Today Acting Comptroller of the Currency Michael J. Hsu spoke about the OCC’s objectives in regulating stablecoins as protecting consumers and the U.S. dollar. He shared his distinctive perspective of the multiple ways in which stablecoins currently lack interoperability and why it matters.
The underbanked are overrepresented in crypto
Early in his talk, Hsu noted that cryptocurrency has a very high penetration amongst the underbanked at 37% compared to 10% for the fully banked. Asked why this is the case, he was frank in observing a feeling that the traditional financial system has let down communities.
But he’s concerned that the crypto sector might not be the answer. “You’ve gotta go in (with your) eyes wide open and understand this stuff,” said Hsu. “Don’t be fooled (into taking) one set of trust vulnerabilities and trading that for another set of trust vulnerabilities.”
And when it comes to stablecoins, the run risk is seen as an issue. “If there were to be a run on stablecoins, the entire crypto economy would likely be impacted, causing outsized losses for ordinary people,” said Hsu.
Why interoperability matters
Hsu’s thoughts on interoperability were interesting because of his distinctive analysis. He noted that the topic of interoperability is generally ignored with stablecoins. That’s because stablecoins are currently primarily used for trading, which gets around the issue. But when used for payments and other web3 activities, he sees some challenges.
There’s interoperability between commercial banking money in the banking system, where a dollar has the same worth no matter which bank is used. However, that paused in 2008 when people started worrying about whether particular banks might collapse. And that was also the case in Europe during the Greek banking crisis. In the absence of interoperability, systems are fragmented.
Hsu has a problem with fragmentation from an inclusion perspective. With fragmented systems, operators will incentivize consumers to use their systems. He gave the example of how travel points encourage people to stay at one hotel brand rather than another. And in the crypto world, tokens are given as rewards.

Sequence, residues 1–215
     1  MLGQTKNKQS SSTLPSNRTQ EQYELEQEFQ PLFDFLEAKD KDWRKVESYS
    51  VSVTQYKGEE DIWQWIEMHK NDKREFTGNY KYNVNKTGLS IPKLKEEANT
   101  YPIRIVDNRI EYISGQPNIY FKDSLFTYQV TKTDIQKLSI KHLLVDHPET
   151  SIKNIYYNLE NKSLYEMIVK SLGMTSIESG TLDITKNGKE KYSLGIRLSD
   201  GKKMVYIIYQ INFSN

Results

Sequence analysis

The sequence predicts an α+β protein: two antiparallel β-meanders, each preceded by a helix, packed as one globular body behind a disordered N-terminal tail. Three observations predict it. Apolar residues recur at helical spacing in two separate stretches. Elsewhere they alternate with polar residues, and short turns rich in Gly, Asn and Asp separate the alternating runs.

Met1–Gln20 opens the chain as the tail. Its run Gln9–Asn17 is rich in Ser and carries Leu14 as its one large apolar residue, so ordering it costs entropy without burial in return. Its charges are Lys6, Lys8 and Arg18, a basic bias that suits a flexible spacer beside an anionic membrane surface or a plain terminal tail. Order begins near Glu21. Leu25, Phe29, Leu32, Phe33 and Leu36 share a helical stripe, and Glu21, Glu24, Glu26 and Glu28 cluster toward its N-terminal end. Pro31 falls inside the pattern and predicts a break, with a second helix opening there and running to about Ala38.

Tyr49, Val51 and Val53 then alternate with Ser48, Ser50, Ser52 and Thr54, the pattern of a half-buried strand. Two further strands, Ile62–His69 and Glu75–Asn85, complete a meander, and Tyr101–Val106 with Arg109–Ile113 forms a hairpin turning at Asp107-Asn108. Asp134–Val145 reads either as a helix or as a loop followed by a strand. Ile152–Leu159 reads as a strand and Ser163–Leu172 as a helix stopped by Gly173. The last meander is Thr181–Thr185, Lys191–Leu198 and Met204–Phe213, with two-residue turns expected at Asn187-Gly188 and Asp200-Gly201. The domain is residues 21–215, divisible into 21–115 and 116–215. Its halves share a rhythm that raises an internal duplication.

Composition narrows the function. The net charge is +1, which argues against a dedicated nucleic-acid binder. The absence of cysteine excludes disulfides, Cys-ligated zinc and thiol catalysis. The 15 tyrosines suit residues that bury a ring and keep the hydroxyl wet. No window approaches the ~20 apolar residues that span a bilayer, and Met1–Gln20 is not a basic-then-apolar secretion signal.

“The point of that is to be exclusive. That’s the design, that’s the incentive structure there,” said Hsu. He can see a role for that early on. However, “We’ve already seen in the traditional banking and financial system, we have inclusion challenges.”
“So if we can develop a new system and at the get-go ensure that it’s inclusive, I think that’s a shared objective.”
Interoperabilty: between stablecoins and blockchains
A distinctive observation by Hsu was how for one given stablecoin such as Tether or USDC, it exists on multiple blockchains. And you cannot use a USDC on Ethereum to pay for something on another blockchain such as Solana. There are cross-chain solutions, but these are vulnerable to hacks. The hacking issue is likely to persist, as highlighted by Vitalik Buterin. Hsu’s conclusion was that means there are likely to be a small number of dominant blockchains in the future.
In his view, there’s also a lack of interoperability across stablecoins, between Tether and USDC. He didn’t mention that some would avoid holding Tether because of its perceived riskiness, but others are not bothered.
Hsu observed that there’s been a pairing between the largest cryptocurrency exchanges and the largest stablecoin issuers: Coinbase and Circle for USDC, FTX and Tether, and Binance and Paxos.
“In the long-run, interoperability between stablecoins and with the dollar— including a CBDC—would help ensure openness and inclusion,” said Hsu. “It would also help facilitate broader use of the U.S. dollar—not a particular corporate-backed stablecoin—as the base currency for trade and finance in a blockchain-based digital future.”
Hsu was talking at an event organized by the Institute of International Economic Law at Georgetown University Law Center.